You cannot know everything. As consultants, clients know more about their business than you do. Fact. However, we have the logical structuring, resources, focus, and objectivity to do great work. It’s a life-saving skill to get smart quickly on the topic, client and competitor. You need to be a fast study.
I conducted 5 interviews for consultants yesterday. 1 was solid, 4 were weak. While there is no strict formula for good management consultants, there are a few prerequisite things that we test for in case interviews:
- Logical structuring – asking good questions? building a business narrative?
- Communications – good listener? articulate? personable and persuasive?
- Energy level – are they a bore? could they handle a 7:30am client meeting?
- Curiosity – are they picking up on cues? are they enjoying the case? learning?
Management consulting is for learners. Management consulting is a unique profession where is it okay to not know the answer at the beginning of the project. Not all projects are unique and strategic, but there is always something to learn – whether it has to do with the client’s industry, team management or your own leadership style. If you are not learning, you are dying as a professional consultant.
Read. There is no other way to get around this. Take an interest in your client and industry, even if temporarily during the project. If they have an earnings announcement, you should be the first one on your project to know. Search for podcasts on the topic. Trust me, there are obscure podcasts on every imaginable topic from cars, chemicals, cardiology, critical conversations, and the capital asset pricing model.
Get smart quickly. As advice to all consultants, it’s good to get smart on the topic before the project starts. Do the industry research. Look for best practices. Interview subject matter experts. Dig into previous project deliverables. Read the Economist.
Depending on the partner on the project, it is permissible to be a little “green” on the subject for the first week or two of the project. It’s expected and a known fact that they are staffing you in stretch roles; after all, if we weren’t doing new things, we are the type of people to be bored. Naturally, you should not embarrass the team in front of the client by asking stupid questions, but there is temporary grace for a few days, or week.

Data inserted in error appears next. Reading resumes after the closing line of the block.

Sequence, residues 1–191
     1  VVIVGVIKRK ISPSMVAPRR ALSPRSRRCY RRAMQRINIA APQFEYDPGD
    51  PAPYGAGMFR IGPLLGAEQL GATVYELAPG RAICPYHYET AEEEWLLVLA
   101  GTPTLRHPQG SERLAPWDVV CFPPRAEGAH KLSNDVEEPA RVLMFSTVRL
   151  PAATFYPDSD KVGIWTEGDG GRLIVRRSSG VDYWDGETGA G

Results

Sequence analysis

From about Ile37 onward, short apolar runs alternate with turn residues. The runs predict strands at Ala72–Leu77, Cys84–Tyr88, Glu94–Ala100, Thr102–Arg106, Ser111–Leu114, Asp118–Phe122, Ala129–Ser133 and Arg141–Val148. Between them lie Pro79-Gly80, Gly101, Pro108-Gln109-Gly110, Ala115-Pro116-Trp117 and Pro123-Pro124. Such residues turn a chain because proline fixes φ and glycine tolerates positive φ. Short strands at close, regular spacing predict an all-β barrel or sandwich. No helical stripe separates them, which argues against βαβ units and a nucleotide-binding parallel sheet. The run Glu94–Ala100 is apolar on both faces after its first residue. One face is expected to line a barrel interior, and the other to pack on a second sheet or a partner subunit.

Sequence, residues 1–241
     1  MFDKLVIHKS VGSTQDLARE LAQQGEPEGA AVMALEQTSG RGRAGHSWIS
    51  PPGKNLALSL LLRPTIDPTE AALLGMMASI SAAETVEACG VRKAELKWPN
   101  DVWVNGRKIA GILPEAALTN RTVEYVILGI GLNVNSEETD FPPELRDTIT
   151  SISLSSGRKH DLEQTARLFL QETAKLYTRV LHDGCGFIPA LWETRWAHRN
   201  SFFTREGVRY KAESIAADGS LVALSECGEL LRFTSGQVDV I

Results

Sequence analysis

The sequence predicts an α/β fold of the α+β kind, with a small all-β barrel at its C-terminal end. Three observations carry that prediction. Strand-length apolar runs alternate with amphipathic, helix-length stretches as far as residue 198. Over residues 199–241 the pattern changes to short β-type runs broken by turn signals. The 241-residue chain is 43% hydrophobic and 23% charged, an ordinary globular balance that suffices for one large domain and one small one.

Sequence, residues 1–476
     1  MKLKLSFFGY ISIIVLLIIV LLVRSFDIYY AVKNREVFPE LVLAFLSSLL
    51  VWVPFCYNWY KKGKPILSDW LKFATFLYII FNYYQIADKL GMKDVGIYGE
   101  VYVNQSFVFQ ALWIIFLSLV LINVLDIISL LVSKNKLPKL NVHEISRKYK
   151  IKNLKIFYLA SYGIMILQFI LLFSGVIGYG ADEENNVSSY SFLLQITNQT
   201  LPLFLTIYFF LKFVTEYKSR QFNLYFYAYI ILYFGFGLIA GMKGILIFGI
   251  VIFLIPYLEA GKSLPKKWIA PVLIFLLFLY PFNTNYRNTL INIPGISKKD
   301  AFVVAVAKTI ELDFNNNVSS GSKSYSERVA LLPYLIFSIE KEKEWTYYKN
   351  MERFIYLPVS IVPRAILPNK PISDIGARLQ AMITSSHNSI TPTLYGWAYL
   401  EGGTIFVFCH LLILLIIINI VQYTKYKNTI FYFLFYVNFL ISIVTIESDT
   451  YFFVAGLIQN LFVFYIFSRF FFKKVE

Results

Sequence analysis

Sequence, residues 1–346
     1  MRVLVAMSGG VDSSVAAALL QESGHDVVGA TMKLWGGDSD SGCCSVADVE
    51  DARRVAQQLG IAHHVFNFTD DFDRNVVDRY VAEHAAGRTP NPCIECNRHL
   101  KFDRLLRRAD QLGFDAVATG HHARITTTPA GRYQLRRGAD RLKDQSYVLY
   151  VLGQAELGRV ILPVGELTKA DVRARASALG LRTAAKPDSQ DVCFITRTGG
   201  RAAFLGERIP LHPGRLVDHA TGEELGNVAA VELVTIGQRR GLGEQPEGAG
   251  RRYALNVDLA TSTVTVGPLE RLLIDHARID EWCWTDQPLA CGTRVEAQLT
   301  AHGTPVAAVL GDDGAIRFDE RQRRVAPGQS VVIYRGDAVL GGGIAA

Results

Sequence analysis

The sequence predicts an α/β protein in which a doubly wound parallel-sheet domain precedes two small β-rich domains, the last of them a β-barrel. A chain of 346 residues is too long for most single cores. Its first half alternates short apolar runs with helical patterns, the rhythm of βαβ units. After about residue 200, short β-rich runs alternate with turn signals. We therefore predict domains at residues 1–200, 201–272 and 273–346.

Spend money on books. I typically spend about $200 a year on books related to client work. This is a personal expense as the client should not pay for me getting smart on their business. On one project I was learning the ins-outs of how companies hire outside counsel legal firms, and bought some of the books you see below. The only time that these books left my home, or hotel room, I had them wrapped in brown paper, as if I were a frugal student who was planning to re-sell my books back to the bookstore.
Advice to newbie consultants. I love teaching consulting and some of the advice to analysts and consultants this year related to content expertise looks like this:
- Think deeply about the project. What are the core questions?
- Use Google to answer stupid questions. Don’t waste the partner or client’s time.
- Be resourceful. Proactively reach out to your network to get smart on the topic
- Read about the topic: corporate executive board, analyst reports, everything
- Use the data to drive hypotheses. What is the data saying?
- Find similar projects, presentations, pdf online. Slideshare. search: pdf
- Write your findings down. Re-sort them into buckets and make it MECE.
- Use finviz to survey the industry’s financial ratios
What other advice do you have for consultants to get smart quickly?